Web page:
Pictured here are some example Fencible uniforms from the late 1790s: 1. An officer of the Hampshire Fencible Cavalry in blue, unbraided jacket. 2. An officer of the Cinque Ports Fencible Cavalry (close neighbours of the New Romney Fencibles) in red braided dolman, with a blue (privately-purchased and non-regulation), fur-lined pelisse. 3. An officer of an unidentified regiment in plain red jacket. 4. A Quartermaster of the Pembrokeshire Fencible Cavalry in full dress (note the lace ‘frame’ around the breast-braid – some regiments retained the ‘frame’ even when they deleted the braid).
Perry and Front Rank British Light Dragoons in Tarleton helmet are a perfect match for Fencibles in the full, Braided dolman. However, we are unaware of any currently-available figures that are suitable for Fencible, Provisional or Yeomanry Cavalry in unbraided jackets.
1st Irish Fencible Cavalry
(Also known as ‘Roden’s Dragoons’ or ‘Roden’s Foxhunters’)
These wore standard dark blue Light Dragoon uniforms with Tarleton helmets, ‘hussar-braid’ and white breeches. Facings were recorded as white, but some surviving items show pale buff (though this might be due to age). The button/braid colour is not known.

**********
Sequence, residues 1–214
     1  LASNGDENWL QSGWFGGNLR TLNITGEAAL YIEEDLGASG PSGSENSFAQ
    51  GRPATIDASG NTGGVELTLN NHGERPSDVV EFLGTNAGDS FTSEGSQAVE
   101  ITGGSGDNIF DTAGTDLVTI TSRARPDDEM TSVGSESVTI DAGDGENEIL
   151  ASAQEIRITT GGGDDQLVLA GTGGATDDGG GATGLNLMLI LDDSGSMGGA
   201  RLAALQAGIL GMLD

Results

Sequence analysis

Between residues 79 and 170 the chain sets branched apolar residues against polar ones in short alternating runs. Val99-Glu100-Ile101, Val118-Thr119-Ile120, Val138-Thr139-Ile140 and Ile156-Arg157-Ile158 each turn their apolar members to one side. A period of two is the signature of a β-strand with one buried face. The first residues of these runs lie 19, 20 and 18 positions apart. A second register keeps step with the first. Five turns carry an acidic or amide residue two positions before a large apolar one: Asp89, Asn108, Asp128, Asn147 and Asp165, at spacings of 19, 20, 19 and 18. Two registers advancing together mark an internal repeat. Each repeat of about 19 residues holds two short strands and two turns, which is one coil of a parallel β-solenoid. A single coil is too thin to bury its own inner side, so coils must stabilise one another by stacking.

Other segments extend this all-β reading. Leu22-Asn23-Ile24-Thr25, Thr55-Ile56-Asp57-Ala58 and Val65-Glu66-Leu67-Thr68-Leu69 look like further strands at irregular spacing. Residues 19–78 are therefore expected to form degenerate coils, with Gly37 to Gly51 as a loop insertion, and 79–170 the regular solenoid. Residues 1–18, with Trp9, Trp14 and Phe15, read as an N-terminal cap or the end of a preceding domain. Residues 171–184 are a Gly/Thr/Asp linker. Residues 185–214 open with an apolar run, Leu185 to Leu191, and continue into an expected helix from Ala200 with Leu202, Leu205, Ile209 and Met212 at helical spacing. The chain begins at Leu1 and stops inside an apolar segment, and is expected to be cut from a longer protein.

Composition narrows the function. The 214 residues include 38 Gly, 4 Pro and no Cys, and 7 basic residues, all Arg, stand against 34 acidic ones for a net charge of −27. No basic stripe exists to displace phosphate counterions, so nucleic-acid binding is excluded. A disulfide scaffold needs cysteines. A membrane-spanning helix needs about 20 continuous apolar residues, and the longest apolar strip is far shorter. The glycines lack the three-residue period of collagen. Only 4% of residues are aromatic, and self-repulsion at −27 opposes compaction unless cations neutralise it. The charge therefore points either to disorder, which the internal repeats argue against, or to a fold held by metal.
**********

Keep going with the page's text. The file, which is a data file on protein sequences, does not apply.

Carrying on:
2nd Irish Fencible Cavalry
These wore standard dark blue Light Dragoon uniforms with Tarleton helmets, ‘hussar-braid’ and white breeches. Facings were yellow, which was also repeated on the ‘turban’ of the Tarleton helmet. The button/braid colour is not known.
Suffolk Provisional Cavalry
We’ve been able to find nothing about the uniform of the Suffolk Provisional Cavalry or their successors, the Suffolk Fencible Cavalry.
It seems most likely that like the Fencibles, they wore a version of the Light Dragoon uniform, with Tarleton helmet and red light dragoon coatee or dolman jacket – probably without hussar braid. The only reference to Provisional Cavalry uniform that we have found is the National Army Museum exhibit of a single Tarleton helmet, belonging to an officer of the Lancashire Provisional Cavalry. This does at least confirm that Provisional Cavalry wore these items.
As with the Fencibles, Front Rank or Perry British Light Dragoons are a good match for cavalry in full, braided dolman. However, we are unaware of any currently-available figures that are suitable for Fencible/Provisional/Yeomanry Cavalry in unbraided jackets.